DIGITAL MIND: Myles Kleinfeld

“I was in bed (after back surgery) I couldn’t really move around for a period of weeks and I remember thinking ‘I gotta do something creative” - Myles Kleinfeld 


Digital Mind: Myles Kleinfeld 


Myles’s art journey began at the tender age of eight when his mom introduced him to the Cherry Hill Art League back in his hometown in New Jersey. This early exposure to various art mediums, such as pastels, drawings, and charcoal allowed Kleinfeld to experiment with creating art. Myles’s talent was noticed by some of his teachers along the way and they encouraged him to stick with it. During high school, he enrolled in a photography class where he learned to play with the camera. His teacher in that class spotted Myles’s passion and skill with photography and encouraged him to go to art school. 

Taking his teacher’s advice to heart, Myles chose to focus on photography and explore other artistic talents. He has now showcased his work nationwide, being accepted into juried shows by the curators of the Whitney Museum, the Guggenheim Museum, the San Francisco Museum of Modern Art, Queens Museum of Art and the San Jose Museum of Art.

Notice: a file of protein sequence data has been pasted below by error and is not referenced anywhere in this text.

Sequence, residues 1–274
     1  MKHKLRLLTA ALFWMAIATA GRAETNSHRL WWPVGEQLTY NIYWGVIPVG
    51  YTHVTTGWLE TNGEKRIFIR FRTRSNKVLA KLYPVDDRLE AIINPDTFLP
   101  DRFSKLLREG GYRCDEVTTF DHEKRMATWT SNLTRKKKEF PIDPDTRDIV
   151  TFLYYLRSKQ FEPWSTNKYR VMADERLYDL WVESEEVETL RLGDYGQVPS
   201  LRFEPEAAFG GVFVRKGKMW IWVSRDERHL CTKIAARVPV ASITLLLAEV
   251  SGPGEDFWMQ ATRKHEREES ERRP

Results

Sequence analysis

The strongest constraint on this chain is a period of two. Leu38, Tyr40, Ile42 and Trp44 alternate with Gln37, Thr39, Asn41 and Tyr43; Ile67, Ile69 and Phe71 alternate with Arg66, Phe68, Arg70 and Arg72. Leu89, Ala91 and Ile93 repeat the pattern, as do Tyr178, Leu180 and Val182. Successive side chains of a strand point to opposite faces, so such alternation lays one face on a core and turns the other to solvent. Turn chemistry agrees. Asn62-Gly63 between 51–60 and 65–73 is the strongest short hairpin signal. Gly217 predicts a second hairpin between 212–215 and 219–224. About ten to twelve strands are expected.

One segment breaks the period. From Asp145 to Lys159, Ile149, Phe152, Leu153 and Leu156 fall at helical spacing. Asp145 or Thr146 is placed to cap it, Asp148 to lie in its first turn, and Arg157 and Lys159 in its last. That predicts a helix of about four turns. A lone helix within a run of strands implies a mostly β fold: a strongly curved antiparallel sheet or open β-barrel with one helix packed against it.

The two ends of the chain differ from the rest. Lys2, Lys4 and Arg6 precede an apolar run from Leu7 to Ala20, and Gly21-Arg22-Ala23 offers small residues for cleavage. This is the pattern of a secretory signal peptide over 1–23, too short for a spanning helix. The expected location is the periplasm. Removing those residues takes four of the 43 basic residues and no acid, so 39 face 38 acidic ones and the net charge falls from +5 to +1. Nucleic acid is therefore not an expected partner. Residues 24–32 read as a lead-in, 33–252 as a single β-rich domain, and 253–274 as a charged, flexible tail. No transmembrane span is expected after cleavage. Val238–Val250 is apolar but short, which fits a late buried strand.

We had the honor of sitting down with him and asking a few questions about his life, his journey as an artist and how it affects his mental health.  As his children have just left for college, he is planning on using his additional free time to create more art. We look forward to watching Myles further flourish as an artist.


*Myles also gives his viewers the option to purchase his artwork as a physical copy or as a NFT. 

This interview took place on May 18th 2023 

Q: What made you want to get into digital art as it is a bit different from your previous work?